Fabulous: Stories

Image of Fabulous: Stories
Release Date: 
January 14, 2020
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Fabulous as in “resembling or suggesting a fable.” But in this book, not necessarily “of an incredible, astonishing, or exaggerated nature.” Definition from Merriam-Webster.

Lucy Hughes-Hallett has brought together eight fables ranging from Orpheus and Actaeon to Mary Magdalen to the Pied Piper and delivered them into 21st century England. The vehicles the author has provided her characters leave them at sixes and sevens on arrival.

Which itself is a shame, because Hughes-Hallett is capable of fine writing and sentiment.

“Her face looked red and blotched, cross, but when she touched Oz (Orpheus) he felt that her hands were kind.”

And in another story, “I (Mary Magdalen) held out a hand. He (Jesus Christ) took a dancing step toward me, one foot crossing over in front of the other in an unstable beautiful move from which you could only fall or fly away. He said, No touching. No problem, I said.”

In the Actaeon myth, while hunting he chanced upon the goddess Diana bathing with her nymphs in the woods. Angered by this peeping Tom, she turns him into a stag who is then torn apart by his own hounds. Hughes-Hallett sets the story in the midst of the real estate frenzy in London. Acton is the leader of a group of real estate brokers reminiscent of those in “Glengarry Glen Ross.” In the first pages of the story Acton leads a “team,” then they become his “boys,” then it is his “pack” he leads to hunting parties, searching out properties to sell, tracking down prospects to buy—as if the author does not trust the reader to understand the references. Further on, one of the pack reports to Diana about what Acton is doing. “It was her hand fondling my ears and rubbing my tummy I wanted.”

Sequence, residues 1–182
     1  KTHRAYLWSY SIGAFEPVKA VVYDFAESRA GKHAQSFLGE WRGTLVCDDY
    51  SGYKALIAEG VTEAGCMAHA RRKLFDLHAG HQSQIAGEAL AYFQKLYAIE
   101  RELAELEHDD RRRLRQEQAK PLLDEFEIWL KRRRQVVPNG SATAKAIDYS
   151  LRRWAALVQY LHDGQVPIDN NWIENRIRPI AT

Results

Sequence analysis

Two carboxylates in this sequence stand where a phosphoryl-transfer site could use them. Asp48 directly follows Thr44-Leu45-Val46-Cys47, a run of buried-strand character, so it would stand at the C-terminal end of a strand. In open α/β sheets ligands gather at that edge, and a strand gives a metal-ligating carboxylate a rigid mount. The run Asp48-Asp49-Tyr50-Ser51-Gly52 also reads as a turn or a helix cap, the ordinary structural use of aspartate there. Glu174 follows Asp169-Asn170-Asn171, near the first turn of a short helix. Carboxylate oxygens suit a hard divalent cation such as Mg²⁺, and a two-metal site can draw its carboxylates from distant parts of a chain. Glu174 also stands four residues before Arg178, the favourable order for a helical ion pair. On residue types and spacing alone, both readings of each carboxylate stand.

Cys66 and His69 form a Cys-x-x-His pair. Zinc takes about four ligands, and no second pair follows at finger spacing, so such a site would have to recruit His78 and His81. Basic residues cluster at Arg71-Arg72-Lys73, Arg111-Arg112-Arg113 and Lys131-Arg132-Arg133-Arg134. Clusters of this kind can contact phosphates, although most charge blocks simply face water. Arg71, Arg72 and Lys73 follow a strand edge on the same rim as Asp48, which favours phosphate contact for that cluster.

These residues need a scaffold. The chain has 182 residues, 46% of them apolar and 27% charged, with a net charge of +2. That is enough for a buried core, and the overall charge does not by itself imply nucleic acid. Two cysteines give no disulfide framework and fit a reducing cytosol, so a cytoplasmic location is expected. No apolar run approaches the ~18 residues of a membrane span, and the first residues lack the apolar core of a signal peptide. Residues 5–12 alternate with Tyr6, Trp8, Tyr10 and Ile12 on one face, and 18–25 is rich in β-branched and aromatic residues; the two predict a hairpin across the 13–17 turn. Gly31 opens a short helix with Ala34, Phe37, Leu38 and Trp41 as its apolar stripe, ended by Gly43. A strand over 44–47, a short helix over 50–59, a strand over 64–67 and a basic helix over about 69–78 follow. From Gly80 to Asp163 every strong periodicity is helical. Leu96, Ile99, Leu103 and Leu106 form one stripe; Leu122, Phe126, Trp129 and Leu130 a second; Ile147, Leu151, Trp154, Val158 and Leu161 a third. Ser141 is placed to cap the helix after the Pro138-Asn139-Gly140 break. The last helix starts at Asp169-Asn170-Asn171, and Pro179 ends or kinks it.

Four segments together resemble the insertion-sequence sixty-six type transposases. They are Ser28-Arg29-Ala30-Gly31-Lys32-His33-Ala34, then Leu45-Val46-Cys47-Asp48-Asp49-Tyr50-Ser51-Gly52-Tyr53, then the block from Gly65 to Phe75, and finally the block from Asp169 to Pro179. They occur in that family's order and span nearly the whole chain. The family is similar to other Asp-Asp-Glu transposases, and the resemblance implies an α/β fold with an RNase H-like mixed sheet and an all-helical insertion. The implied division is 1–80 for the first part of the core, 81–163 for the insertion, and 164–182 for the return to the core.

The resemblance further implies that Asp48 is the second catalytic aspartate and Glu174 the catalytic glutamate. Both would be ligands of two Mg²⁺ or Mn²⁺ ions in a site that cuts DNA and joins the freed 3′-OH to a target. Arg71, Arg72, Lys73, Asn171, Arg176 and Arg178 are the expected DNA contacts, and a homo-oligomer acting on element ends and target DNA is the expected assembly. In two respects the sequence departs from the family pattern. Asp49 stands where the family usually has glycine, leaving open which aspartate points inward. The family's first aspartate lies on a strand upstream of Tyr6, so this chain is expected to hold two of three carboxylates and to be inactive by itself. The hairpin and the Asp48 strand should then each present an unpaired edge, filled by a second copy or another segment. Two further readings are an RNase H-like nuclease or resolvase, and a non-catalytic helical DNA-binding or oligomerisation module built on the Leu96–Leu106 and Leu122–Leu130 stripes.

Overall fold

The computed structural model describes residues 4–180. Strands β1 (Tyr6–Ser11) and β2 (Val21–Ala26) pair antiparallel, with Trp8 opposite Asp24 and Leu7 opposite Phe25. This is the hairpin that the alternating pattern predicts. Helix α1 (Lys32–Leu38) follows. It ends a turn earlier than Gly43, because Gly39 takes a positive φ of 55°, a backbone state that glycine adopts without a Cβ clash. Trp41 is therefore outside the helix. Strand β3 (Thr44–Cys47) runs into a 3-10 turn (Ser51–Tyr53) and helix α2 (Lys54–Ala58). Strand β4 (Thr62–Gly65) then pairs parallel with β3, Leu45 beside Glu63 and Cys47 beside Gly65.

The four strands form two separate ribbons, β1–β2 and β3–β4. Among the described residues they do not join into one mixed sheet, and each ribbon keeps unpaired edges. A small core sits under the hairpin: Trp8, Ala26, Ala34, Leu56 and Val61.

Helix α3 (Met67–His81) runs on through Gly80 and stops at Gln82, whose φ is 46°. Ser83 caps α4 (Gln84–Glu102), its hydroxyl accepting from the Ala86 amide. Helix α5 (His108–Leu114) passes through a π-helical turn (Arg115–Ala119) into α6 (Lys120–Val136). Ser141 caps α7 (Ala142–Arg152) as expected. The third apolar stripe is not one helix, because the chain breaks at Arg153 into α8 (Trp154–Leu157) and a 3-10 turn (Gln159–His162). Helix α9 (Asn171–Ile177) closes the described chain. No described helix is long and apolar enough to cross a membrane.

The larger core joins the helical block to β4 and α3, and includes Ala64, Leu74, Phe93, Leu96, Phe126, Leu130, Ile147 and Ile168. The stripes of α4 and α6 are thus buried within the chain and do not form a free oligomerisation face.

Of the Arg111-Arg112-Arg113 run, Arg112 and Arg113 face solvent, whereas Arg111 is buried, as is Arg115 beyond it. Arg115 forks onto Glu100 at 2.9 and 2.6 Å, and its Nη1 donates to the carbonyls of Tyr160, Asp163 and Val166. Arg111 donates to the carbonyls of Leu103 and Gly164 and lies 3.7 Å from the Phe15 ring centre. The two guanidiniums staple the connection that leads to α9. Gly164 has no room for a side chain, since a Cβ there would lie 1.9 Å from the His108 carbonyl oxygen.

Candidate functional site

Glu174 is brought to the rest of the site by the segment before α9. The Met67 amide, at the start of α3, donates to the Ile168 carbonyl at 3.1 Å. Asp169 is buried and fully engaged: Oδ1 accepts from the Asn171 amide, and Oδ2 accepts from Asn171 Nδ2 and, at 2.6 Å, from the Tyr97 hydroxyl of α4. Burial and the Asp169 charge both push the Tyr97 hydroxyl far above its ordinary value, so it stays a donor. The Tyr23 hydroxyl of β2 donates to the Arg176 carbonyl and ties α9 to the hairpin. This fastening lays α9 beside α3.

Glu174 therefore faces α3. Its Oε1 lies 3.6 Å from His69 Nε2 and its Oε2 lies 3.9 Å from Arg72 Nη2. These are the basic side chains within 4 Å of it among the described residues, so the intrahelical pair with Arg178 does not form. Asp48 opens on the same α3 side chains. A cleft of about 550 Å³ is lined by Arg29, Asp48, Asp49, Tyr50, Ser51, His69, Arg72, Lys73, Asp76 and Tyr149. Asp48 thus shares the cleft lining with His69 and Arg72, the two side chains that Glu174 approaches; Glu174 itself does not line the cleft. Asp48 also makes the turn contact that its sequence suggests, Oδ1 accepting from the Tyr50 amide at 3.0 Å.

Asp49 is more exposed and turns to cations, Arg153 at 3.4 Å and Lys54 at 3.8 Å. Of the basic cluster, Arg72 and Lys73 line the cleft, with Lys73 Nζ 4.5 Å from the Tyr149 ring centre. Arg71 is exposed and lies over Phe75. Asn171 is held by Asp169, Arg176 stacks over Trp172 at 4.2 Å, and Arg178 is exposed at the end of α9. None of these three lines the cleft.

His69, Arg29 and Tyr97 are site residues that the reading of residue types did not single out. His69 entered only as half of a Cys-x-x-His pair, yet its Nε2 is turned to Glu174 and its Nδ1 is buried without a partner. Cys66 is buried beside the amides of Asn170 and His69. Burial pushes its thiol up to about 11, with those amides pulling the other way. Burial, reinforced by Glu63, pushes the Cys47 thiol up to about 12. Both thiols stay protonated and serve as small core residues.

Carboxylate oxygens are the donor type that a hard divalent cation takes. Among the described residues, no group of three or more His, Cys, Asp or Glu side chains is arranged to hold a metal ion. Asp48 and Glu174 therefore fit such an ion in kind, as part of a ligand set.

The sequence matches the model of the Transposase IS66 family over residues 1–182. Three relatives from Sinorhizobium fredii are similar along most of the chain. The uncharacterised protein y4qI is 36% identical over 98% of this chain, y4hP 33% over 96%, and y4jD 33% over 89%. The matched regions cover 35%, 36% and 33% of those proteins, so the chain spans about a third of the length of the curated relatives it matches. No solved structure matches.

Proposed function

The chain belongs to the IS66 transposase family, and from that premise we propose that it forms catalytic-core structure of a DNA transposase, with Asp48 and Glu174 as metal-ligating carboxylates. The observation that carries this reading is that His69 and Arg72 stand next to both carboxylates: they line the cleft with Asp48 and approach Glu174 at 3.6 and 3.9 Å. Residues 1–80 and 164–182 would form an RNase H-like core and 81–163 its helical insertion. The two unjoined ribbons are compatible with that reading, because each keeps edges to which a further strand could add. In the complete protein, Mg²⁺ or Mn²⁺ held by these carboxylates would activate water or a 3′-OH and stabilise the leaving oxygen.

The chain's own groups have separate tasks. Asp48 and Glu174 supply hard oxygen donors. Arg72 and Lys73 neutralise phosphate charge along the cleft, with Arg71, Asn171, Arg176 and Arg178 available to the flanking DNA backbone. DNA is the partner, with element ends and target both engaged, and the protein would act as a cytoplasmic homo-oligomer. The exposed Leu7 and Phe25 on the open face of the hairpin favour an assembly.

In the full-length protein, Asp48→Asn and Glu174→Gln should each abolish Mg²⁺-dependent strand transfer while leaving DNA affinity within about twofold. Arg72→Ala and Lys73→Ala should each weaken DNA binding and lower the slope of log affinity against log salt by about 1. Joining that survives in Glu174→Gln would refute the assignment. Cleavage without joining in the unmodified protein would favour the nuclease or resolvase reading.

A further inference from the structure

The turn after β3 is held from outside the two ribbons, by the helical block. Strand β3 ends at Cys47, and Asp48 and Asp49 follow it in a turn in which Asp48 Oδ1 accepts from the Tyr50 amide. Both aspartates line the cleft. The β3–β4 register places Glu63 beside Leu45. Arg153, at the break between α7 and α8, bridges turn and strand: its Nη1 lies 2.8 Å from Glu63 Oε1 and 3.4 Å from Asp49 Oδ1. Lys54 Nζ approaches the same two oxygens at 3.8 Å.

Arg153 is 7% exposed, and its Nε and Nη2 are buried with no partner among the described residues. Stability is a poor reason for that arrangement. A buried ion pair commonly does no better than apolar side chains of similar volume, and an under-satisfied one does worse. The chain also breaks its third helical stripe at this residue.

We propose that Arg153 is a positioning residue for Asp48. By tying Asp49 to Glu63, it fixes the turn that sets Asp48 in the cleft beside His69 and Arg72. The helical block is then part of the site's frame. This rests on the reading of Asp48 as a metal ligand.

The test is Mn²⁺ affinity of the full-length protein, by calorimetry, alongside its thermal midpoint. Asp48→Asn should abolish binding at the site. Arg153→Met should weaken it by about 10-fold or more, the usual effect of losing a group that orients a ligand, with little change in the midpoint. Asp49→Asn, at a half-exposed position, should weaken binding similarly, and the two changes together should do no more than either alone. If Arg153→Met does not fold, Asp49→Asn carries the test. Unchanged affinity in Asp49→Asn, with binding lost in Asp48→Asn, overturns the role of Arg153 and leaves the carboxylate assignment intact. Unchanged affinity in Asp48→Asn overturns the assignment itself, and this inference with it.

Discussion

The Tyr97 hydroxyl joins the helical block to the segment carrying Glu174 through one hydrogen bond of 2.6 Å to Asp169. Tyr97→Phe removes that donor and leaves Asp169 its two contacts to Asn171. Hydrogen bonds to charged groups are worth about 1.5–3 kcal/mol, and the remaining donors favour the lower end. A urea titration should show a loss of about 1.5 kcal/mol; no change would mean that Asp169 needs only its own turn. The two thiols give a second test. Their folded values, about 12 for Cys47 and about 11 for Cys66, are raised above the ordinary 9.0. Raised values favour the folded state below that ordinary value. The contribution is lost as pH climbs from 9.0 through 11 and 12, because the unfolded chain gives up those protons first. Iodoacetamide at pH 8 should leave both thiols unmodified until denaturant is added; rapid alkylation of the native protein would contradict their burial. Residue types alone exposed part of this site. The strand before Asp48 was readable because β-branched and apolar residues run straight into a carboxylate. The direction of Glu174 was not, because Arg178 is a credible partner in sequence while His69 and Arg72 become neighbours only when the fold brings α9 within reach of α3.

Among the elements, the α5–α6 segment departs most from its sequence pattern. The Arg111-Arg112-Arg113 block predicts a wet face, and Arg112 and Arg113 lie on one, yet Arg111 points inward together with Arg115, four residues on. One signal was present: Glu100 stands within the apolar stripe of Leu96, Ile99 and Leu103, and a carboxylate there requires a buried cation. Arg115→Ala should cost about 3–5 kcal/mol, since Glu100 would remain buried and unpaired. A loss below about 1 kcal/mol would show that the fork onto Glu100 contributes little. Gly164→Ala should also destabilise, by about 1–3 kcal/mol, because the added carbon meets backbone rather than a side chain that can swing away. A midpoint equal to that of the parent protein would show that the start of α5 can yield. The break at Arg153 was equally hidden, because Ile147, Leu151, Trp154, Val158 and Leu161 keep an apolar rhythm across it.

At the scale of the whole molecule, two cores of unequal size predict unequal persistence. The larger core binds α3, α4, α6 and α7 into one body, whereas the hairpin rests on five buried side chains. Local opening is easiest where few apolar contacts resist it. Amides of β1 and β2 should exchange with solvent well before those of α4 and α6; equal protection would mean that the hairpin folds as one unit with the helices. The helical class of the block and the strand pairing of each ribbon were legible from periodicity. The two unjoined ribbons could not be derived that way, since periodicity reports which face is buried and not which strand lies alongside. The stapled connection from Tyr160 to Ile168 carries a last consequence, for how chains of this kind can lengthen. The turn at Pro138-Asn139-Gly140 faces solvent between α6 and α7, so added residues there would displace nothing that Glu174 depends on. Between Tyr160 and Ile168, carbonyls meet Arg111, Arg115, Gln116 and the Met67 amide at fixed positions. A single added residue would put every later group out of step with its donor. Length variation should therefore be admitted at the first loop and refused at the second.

The lack of subtlety is repeated in the story of “Joseph.” He sees the young Mary with pale gray eyes and “from that moment Joseph was hers for life, for ever and ever amen.”

The lack of trust in the reader is further portrayed when Joseph breaks off flowering sprays from a wild apple tree to carry back to Mary and the child. The petals fall off, and by the time he reaches the door of their hut “there were none left, none at all, on the gnarled black twigs.” The reader needs the prefiguration of the crown of thorns?

An annoying ploy that Hughes-Hallett deploys is the inconsistency of her naming convention. Cupid is Crispin, Isolde is Izza, Daedalus is DeeDee, Pasiphiae is Passify, but Diana is Diana and Minos is Minos.

In the whole, Hughes-Hallett does not execute the plots of the tales she borrows from. In “Psyche” the author decides the tale needs a different ending, not the lesson that love is the result of dedication and effort. No, the author ends with Psyche marrying a librarian and coupling with a handsome stud when the librarian works late.

In Orpheus, the moral of the story is to stay true to your word, but in the recounting, Orpheus simply forgets what he is doing, forgets he is carrying Eurydice up out of Hades.

The basic issue in this collection of stories is that the author does not have a good sense of the segments of the myths that work in the context of a modern setting and those she should leave behind. The author finds she may have strayed too far, then scurries back to pick up another part of the story. It makes for a haphazard reading experience.

For a richer experience, the stories of Cezarija Abartis, many available online, (“Medea Imagines” in Carmina and “Sleeping Beauty Is Not Well” in Bennington Review), are examples of how an author stays faithful to the original myth and infuses it with modern sensibility.